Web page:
Magistrate discusses immigration issues with conservatives
Seneca County Common Pleas Court Magistrate Kenneth Clason give his perspective as an attorney on immigration and sanctuary cities Thursday evening at a North Central Ohio Conservatives Inc. meeting.
Before Clason spoke, NCOC President Jim Green discussed the national “General Strike” set for today.
Green said some reasons for the strike include President Donald Trump’s recent immigration order, plans to build a wall on the Mexico-U.S. border and proposed dismantling of the Affordable Care Act. He said the list sounds like a “communist manifesto.”
He also said he feared violence and riots during the national protest.
“This is what we’re facing, folks,” he said. “Lock and load, right? This is why we raffle guns.”
According to Strike4Democracy’s website, supporters of the strike are not to purchase anything or work Friday and host nonviolent political rallies.
Green praised Trump’s press conference Thursday and his support of the coal industry.
“If someone says he’s not keeping his promises and not doing his job, they’re nuts,” Green said. “I wouldn’t give them the time of day.”
Clason then took the stage and gave his thoughts as a “constitutional nerd” on sanctuary cities and controversy surrounding Trump’s executive immigration order.
“There’s a lot I’m going to say that you know, but I want to give you the attorney’s perspective,” he said.
Sanctuary cities are municipalities that do not cooperate with federal immigration enforcement when they intend to pursue undocumented immigrants. Columbus and Cincinnati are sanctuary cities.
He said there are two types of sanctuary cities: de facto, in which cities have no written policy, and de jure, in which cities have policies or statutes in place. He said sanctuary cities that don’t cooperate with the federal government could face legal trouble.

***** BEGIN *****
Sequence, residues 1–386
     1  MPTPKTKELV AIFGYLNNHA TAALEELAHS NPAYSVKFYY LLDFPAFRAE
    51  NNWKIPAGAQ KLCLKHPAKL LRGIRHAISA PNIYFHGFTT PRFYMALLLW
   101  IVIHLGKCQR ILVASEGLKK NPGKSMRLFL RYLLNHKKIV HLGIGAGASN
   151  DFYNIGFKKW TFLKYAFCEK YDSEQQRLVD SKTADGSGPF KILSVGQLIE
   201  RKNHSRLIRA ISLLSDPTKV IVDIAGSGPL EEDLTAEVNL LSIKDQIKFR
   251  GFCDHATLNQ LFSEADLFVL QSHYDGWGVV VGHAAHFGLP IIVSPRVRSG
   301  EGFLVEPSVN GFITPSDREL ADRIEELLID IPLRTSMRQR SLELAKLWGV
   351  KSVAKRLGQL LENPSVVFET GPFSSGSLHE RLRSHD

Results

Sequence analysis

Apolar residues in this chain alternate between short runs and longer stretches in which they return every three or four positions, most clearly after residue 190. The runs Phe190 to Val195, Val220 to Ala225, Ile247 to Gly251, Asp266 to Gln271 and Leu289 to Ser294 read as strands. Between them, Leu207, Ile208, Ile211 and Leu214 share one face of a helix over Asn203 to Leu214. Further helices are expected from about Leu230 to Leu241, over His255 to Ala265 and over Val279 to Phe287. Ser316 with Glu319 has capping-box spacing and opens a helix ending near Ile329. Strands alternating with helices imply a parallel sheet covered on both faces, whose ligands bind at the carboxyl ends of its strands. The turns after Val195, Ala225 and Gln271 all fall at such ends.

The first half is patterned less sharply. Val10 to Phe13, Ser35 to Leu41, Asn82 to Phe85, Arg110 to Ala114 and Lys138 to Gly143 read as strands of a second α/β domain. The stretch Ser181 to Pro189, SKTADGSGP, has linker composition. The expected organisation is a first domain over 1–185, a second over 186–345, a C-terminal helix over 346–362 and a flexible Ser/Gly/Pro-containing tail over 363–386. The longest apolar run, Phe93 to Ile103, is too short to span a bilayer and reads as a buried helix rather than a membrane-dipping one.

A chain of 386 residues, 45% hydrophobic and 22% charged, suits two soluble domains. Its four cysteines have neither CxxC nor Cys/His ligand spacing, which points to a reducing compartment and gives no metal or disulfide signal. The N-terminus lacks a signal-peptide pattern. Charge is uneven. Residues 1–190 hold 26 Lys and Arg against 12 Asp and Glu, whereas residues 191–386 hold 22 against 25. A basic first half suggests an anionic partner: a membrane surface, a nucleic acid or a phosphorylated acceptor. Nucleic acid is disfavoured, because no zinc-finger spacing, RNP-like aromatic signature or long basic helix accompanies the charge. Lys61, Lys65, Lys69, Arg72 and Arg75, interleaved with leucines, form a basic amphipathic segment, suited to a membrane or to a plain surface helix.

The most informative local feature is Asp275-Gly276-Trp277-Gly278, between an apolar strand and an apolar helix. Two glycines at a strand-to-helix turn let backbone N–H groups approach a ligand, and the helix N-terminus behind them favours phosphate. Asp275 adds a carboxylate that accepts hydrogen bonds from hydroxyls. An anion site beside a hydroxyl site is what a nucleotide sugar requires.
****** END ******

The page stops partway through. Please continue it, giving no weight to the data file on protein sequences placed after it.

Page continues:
“It’s pretty dangerous on a federal level to have a sanctuary citizen,” Clason said. “These cities that have passed laws could run into federal criminal challenges.”
However, Clason said he does not think it’s likely criminal charges would be pursued, but believes financial sanctions are more likely.
Clason explained the process of finding out if someone is undocumented, having seen the process firsthand.
He said when someone comes into the Seneca County Jail, the person is checked for identification, and people suspected of being undocumented go through the court system before they can be deported.
He said not giving an undocumented immigrant due process would be a violation of the Fifth Amendment to the Constitution and “the government has the burden to show (immigrants) are not here lawfully.”
“If you are on American soil, you are afforded those rights,” he said.
Many in attendance exclaimed “no” to Clason’s statement.
Due process also is guaranteed under the United Nation’s Declaration of Human Rights, Article 10. The United States is a permanent member of the U.N. Security Council.
“Everyone is entitled in full equality to a fair and public hearing by an independent and impartial tribunal, in the determination of his rights and obligations and of any criminal charge against him,” the article states.
Clason moved on to Trump’s executive immigration order, which prevents immigration from seven Muslim-majority nations. The order was challenged by Washington state through the U.S. 9th Circuit Court of Appeals, he said.
Clason said the case is “very early in litigation,” which makes it difficult to determine which direction it could go.
He said attorneys for Washington state claimed “actual harm” to the “health and wellbeing” of its citizens through lost tax revenue and prevention of foreign students and professors coming to the U.S.
The order also was challenged on the basis that it arbitrarily targets people based on their national origin, Clason said.
One woman asked if a 9th Circuit Court judge could be sued if an attack were carried out by an immigrant from a targeted countries.
Clason said judges are “immune from civil liability” for decisions they make.
Clason said it is possible for Trump to change the language of the order to avoid litigation.
“It’s not like they’re backed into a corner,” he said.